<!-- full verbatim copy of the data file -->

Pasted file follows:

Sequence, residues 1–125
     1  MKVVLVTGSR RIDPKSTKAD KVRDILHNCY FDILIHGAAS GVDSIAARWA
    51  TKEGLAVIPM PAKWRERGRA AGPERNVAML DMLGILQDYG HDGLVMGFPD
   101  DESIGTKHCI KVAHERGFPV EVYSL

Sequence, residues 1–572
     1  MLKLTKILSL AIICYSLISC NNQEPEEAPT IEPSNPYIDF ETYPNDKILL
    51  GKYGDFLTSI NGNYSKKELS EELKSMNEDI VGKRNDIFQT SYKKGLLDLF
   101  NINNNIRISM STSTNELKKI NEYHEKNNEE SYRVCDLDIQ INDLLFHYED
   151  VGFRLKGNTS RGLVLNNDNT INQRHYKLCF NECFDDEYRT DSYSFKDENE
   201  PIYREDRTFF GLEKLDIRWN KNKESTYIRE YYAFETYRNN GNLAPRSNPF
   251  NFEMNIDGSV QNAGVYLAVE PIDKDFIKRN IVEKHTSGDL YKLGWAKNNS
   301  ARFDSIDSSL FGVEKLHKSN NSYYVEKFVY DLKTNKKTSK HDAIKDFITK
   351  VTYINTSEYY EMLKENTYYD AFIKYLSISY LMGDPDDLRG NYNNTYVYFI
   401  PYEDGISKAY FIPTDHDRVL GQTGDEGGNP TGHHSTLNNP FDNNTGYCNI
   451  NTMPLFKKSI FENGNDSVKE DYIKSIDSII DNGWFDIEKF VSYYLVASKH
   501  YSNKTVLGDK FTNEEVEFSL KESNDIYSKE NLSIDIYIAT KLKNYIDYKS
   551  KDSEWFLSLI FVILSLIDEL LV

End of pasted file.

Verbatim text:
Sequence, residues 1–125
     1  MKVVLVTGSR RIDPKSTKAD KVRDILHNCY FDILIHGAAS GVDSIAARWA
    51  TKEGLAVIPM PAKWRERGRA AGPERNVAML DMLGILQDYG HDGLVMGFPD
   101  DESIGTKHCI KVAHERGFPV EVYSL

Sequence, residues 1–572
     1  MLKLTKILSL AIICYSLISC NNQEPEEAPT IEPSNPYIDF ETYPNDKILL
    51  GKYGDFLTSI NGNYSKKELS EELKSMNEDI VGKRNDIFQT SYKKGLLDLF
   101  NINNNIRISM STSTNELKKI NEYHEKNNEE SYRVCDLDIQ INDLLFHYED
   151  VGFRLKGNTS RGLVLNNDNT INQRHYKLCF NECFDDEYRT DSYSFKDENE
   201  PIYREDRTFF GLEKLDIRWN KNKESTYIRE YYAFETYRNN GNLAPRSNPF
   251  NFEMNIDGSV QNAGVYLAVE PIDKDFIKRN IVEKHTSGDL YKLGWAKNNS
   301  ARFDSIDSSL FGVEKLHKSN NSYYVEKFVY DLKTNKKTSK HDAIKDFITK
   351  VTYINTSEYY EMLKENTYYD AFIKYLSISY LMGDPDDLRG NYNNTYVYFI
   401  PYEDGISKAY FIPTDHDRVL GQTGDEGGNP TGHHSTLNNP FDNNTGYCNI
   451  NTMPLFKKSI FENGNDSVKE DYIKSIDSII DNGWFDIEKF VSYYLVASKH
   501  YSNKTVLGDK FTNEEVEFSL KESNDIYSKE NLSIDIYIAT KLKNYIDYKS
   551  KDSEWFLSLI FVILSLIDEL LV